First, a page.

Dental Sealants

About Dental Sealants

While teaching good brushing and flossing habits to children is crucial to the maintenance of healthy teeth, the WDA encourages parents to use dental sealants as a preventive measure to help keep their children’s teeth cavity-free.

Children can benefit the most from the use of dental sealants. The chewing surfaces of children’s newly erupted permanent teeth are highly susceptible to dental caries (cavities). Therefore, sealants are an excellent form of preventive maintenance to stop cavities before they start.

A dental sealant is a thin plastic film painted on the chewing surfaces of molars and premolars (the teeth directly in front of the molars) to prevent plaque from collecting in the pits and fissures of those teeth. Accepted by the American Dental Association Council on Dental Therapeutics in 1972, sealants are widely recognized by dental health experts as a means to prevent cavities and dental decay.

Studies have proven that properly applied sealants are 100 percent effective in protecting the chewing surfaces of teeth from cavities. Acting as a barrier, sealants prohibit small particles of food or bacteria from penetrating areas of teeth more susceptible to decay. As long as the sealant stays intact, cavities will not develop in the area covered by the sealant.

Research also has shown that everyone has a 95 percent chance of eventually experiencing decay in the pits and fissures of their teeth, if sealants are not used in those areas. Sealants are less costly than fillings or other dental procedures. This procedure makes good financial sense for the consumer.

According to the ADA, properly applied and maintained sealants are extremely helpful in preventing cavities and are cost-effective.

To apply a sealant, the surface of the tooth must be thoroughly cleaned and rinsed. Once the surface of the tooth has been prepared, the sealant is painted into the pits and fissures and cured with a curing light. This process usually takes about five minutes per tooth.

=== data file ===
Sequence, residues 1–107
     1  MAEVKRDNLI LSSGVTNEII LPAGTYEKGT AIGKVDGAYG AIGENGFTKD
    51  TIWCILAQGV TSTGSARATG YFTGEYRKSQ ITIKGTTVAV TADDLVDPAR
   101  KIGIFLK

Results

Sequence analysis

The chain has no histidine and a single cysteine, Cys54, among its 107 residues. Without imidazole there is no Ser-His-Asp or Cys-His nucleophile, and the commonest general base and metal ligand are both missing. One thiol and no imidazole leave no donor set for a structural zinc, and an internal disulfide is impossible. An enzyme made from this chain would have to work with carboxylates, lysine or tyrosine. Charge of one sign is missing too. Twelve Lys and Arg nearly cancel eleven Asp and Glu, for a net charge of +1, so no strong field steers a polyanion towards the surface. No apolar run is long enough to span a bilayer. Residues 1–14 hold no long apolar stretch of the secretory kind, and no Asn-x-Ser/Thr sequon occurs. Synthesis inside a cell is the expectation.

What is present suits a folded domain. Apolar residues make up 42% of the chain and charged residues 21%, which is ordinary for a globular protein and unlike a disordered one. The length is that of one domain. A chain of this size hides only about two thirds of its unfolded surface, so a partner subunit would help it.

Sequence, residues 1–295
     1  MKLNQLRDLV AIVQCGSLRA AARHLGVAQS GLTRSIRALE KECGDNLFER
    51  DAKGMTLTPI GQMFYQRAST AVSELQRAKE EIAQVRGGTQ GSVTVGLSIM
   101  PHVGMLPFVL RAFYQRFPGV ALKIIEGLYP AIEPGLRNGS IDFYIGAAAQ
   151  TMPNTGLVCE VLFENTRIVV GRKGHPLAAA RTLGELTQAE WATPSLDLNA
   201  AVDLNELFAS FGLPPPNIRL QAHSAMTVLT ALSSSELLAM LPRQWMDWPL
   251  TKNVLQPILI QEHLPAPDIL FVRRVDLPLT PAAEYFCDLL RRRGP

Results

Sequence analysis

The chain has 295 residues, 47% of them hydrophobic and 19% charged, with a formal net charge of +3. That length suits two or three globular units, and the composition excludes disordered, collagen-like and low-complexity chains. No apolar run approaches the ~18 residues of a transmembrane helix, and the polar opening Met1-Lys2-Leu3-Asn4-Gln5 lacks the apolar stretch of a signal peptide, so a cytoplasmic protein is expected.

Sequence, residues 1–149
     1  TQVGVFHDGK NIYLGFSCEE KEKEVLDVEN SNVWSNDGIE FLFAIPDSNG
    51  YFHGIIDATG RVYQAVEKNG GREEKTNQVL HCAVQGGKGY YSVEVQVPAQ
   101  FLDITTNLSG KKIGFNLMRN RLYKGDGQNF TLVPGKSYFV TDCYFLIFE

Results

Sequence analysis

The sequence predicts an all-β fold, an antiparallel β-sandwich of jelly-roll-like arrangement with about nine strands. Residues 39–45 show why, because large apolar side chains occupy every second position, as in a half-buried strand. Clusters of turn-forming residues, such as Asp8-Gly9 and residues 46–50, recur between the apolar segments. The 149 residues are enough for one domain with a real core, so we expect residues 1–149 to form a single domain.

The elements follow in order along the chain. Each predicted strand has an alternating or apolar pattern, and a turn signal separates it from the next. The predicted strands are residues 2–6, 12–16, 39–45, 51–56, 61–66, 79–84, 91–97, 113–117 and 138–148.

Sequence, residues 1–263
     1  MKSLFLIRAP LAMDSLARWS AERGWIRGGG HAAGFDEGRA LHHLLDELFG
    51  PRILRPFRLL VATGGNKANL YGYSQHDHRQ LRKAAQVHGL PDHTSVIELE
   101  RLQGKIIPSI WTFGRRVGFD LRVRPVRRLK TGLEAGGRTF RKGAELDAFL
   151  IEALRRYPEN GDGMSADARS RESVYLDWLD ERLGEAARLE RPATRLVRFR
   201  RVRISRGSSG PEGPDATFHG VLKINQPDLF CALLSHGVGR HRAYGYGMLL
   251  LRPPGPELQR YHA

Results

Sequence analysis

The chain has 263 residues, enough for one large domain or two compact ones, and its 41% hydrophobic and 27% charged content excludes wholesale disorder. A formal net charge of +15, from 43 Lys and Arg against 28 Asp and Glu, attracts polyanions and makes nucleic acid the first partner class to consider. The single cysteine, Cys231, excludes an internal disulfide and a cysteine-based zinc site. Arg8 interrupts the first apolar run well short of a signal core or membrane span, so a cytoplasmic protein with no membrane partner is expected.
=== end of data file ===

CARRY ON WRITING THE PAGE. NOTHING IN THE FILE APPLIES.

The application of dental sealants is an extremely simple procedure to perform and does not cause any discomfort for the patient. Because of their simplicity and effectiveness, from a health standpoint, sealants make excellent sense for both children and adults.

Sealants can last anywhere from five to 10 years, but are not permanent. Regular dental check-ups are still necessary to track the effectiveness of a sealant as well as to clean teeth and to detect and provide early treatment for dental diseases.

BPA and dental sealants

Recent state and national news reports have indicated the potential danger Bisphenol A (BPA) can have on human development and reproduction.

Bisphenol A (BPA) is a commonly used chemical essential for the manufacture of certain plastic materials. BPA can be found in some children’s toys, plastic tableware, infant bottles and other products. There is evidence from laboratory testing that BPA may affect reproduction and development in animals by mimicking the effects of estrogen. To date, researchers have not observed ill effects from Bisphenol A in humans, and there is debate over the level of exposure that might pose a risk.

The ADA is interested in and supports BPA research because some dental sealants, and to a lesser extent dental composite resin filling materials, may contribute to low-level BPA exposure. These types of materials are professional dental products that are subject to clearance by the Food and Drug Administration.

The FDA has concluded, “Based on our ongoing review, we believe there is a large body of evidence that indicates that FDA-regulated products containing BPA currently on the market are safe and that exposure levels to BPA from food contact materials, including for infants and children, are below those that may cause health effects.”

In September 2008, a report on BPA from the interagency National Toxicology Program, stated:

“The primary source of exposure to BPA for most people is through the diet. While air, dust, and water are other possible sources of exposure, BPA in food and beverages accounts for the majority of daily human exposure.”

BPA may become part of dental sealants or composite resin filling materials in three ways: as a direct ingredient, as a by-product of some ingredients in dental composites or sealants that may have degraded, or as a trace material left-over from the manufacture of some ingredients used in making dental composites or sealants.

Dental sealants and composite resin filling materials provide significant benefits in the prevention and treatment of dental caries, the infectious disease that causes cavities. Sealants help to prevent cavities and they can also stop the progress of very early caries. Composite resin materials are tooth-colored fillings that provide cosmetic benefits but they also allow dentists to treat teeth more conservatively (removing less natural tooth material) than may be needed for other types of filling materials.

WDA